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Discussion Starter #1
I am going to kill my wifes cat.
I mean it.
The cat is going to be dead, dead, dead.
Just came from my garage.
The bloody animal was sleeping on the hood.
I entered the garage, she woke up she got scared and tried to run.
As a result my hood now has many MANY MANY skidmarks from her nails.
Is this "fixable" by someone who has no idea about detailing, or should I take the car to a pro?
Thanks for any advice.
 

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Looks superficial and should be easily removed through polishing. You might still want a professional (detailer) to look at it, but I highly doubt it needs paint.

If you don't have the equipment but you want to have a crack at it, get some ScratchX2.0 from Meguiar's and try to buff it out using that stuff and a polishing pad+soft towel.
 

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Been there, shot cat :D

 

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If you run your fingernail over the scratch can you feel it? If so, it will need touching in with paint and lacquer but if not it will almost certainly polish out.
 

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Discussion Starter #9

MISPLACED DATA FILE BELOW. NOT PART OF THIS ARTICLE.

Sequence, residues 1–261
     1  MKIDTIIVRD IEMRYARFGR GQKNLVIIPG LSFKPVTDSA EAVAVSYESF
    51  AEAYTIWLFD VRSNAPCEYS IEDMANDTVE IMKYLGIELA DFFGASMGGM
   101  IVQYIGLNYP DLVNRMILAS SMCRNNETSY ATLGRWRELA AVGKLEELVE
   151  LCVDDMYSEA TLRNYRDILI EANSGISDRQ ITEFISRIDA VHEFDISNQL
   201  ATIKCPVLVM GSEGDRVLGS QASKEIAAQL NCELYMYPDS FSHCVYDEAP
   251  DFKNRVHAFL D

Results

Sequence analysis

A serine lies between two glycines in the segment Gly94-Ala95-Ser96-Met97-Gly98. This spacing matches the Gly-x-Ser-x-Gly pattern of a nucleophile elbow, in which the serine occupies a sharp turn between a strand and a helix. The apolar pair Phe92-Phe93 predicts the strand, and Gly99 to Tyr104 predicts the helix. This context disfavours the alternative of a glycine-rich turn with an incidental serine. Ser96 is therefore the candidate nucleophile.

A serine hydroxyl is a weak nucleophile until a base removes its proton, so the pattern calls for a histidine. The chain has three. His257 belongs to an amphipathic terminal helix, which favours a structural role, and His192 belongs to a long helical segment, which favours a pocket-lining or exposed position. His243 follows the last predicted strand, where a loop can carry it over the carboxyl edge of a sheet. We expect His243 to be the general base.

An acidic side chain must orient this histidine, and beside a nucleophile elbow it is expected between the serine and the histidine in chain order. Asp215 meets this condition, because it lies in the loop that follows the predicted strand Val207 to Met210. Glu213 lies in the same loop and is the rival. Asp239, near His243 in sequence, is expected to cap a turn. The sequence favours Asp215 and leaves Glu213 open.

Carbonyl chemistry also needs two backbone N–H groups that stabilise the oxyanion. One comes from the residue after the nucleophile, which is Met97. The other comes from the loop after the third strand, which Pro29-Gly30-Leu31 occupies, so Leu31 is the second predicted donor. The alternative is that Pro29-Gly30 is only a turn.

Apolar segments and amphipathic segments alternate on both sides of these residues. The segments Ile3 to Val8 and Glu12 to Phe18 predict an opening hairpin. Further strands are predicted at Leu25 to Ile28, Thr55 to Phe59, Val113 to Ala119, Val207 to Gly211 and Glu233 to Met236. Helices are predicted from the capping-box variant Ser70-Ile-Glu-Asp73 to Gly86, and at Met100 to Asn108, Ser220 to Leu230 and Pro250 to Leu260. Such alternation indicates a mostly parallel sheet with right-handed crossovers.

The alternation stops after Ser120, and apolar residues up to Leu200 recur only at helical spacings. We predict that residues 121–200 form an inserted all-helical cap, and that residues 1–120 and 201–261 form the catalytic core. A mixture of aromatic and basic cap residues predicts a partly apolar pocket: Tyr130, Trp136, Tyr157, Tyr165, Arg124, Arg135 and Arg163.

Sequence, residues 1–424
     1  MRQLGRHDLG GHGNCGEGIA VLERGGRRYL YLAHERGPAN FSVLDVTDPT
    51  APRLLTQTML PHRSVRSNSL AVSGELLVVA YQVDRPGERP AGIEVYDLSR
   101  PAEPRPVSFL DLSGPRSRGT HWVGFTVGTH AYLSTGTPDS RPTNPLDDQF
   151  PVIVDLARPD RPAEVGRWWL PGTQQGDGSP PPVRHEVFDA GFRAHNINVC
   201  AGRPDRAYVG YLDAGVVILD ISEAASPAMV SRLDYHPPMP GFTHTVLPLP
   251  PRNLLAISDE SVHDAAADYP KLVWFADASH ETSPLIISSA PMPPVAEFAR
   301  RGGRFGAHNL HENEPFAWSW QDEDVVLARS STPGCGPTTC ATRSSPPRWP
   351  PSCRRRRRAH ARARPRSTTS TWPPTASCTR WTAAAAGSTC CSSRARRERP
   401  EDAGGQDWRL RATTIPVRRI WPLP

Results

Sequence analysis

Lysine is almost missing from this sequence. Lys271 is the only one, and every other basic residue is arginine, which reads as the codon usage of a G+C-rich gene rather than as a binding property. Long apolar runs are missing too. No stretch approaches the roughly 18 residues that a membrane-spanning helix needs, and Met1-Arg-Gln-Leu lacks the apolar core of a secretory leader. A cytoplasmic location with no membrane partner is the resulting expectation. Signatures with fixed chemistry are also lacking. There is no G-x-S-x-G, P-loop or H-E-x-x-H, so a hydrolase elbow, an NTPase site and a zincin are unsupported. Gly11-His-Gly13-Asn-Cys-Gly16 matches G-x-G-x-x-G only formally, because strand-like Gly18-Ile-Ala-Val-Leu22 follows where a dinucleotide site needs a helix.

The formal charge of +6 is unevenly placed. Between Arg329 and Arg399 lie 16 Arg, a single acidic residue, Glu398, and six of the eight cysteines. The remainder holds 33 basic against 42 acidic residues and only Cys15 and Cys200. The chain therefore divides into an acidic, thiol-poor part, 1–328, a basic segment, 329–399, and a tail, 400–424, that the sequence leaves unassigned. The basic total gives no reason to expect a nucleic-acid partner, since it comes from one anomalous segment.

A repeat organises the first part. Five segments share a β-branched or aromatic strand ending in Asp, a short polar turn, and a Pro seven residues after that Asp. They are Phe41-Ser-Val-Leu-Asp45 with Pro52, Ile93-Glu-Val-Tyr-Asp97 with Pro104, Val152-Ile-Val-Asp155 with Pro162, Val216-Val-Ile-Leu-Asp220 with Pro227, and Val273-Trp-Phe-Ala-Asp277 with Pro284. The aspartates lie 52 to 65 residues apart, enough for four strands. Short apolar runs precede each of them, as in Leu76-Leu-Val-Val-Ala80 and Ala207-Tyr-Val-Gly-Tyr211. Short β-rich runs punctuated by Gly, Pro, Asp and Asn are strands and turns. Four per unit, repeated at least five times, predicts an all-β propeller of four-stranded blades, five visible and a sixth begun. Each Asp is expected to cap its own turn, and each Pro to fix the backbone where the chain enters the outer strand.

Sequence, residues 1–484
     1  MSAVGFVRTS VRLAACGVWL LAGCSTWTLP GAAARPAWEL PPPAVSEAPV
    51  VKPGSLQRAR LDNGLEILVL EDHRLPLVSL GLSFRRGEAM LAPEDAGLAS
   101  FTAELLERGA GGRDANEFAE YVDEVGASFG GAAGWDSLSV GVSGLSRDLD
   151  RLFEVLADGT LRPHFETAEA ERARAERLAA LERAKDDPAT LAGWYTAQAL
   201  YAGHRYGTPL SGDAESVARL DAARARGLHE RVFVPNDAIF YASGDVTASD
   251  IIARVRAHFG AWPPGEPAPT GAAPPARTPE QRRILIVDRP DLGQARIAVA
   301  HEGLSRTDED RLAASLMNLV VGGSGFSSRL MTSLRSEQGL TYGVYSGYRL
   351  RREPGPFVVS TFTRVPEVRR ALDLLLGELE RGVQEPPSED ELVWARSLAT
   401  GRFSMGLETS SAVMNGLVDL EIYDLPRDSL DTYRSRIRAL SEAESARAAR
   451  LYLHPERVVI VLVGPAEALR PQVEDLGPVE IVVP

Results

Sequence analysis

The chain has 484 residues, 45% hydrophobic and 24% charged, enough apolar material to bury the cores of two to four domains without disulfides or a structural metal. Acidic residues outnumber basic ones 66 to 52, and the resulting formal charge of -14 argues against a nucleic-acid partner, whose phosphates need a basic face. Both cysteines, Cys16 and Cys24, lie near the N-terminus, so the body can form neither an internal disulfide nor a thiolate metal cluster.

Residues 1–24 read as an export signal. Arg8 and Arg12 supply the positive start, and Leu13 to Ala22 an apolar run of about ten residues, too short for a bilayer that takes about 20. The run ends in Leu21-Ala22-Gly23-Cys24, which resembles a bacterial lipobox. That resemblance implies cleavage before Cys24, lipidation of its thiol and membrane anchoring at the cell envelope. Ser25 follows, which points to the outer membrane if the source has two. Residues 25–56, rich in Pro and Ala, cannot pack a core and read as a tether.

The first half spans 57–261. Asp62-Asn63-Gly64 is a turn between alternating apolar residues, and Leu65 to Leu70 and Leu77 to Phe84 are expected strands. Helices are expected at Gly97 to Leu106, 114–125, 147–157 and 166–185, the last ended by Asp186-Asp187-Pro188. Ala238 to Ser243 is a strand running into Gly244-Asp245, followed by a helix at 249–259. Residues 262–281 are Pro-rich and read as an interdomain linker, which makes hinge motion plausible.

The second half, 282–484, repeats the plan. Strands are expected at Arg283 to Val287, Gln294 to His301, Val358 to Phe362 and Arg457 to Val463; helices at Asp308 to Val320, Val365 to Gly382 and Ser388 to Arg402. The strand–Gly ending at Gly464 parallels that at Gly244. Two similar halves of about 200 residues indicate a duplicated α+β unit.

If you run your fingernail over the scratch can you feel it? If so, it will need touching in with paint and lacquer but if not it will almost certainly polish out.
I am afraid I can feel some of them but they do not seem to be very deep and can be seen only by a certain angle.
So I guess, they could be an easy fix.

Still what puzzles me is that the cat never before had slept on any of our cars.
Wife says she is a cat with a good taste and likes the car.
Still whatever the wife says, the cat is banned from the garage from now on.
 

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I would use a random orbit polisher such as a rupes or flex polisher and the least agressive car polish first. HD fine polish, meguiars, sonax, chemical guys, etc.. This should remove most of the finer scratches. Use a medium grade polish for the remaining scratches. For the deeper scratches, should you desire to continue, use a more aggressive car polish and pad. Afterwards, smooth the polished surface by going back to the finest or least agressive car polish. Then, apply some glaze to hide remaining marks, if any. Apply a good sealant or carnauba wax afterwards. If you do not have the equipment or polishing compounds, then have a detailer do the work. Check you tube for videos on DIY. Hope this helps.
 

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Discussion Starter #11
Just got a quote of 450 euros for a full color correction.
I think it is no nuclear science and would be happy within the 150-200 range.
So just ordered an orbital polisher, a full Meguiars starter kit and some extra stuff.
Lets see how this goes.
Will report back on Sunday.
Youtubers make this look easy.
(famous last words)
:grin:
 

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Clear Coat Polish

Is this "fixable" by someone who has no idea about detailing, or should I take the car to a pro?

I'd suggest starting with Meguiras M105 cutting compound to remove the scratches from the clear coat. It doesn't appear from your photo that the paint is scratched, just the clear coat. You could rub this out by hand and then follow up with Meguiars M205. Lastly, apply your favorite wax :smile: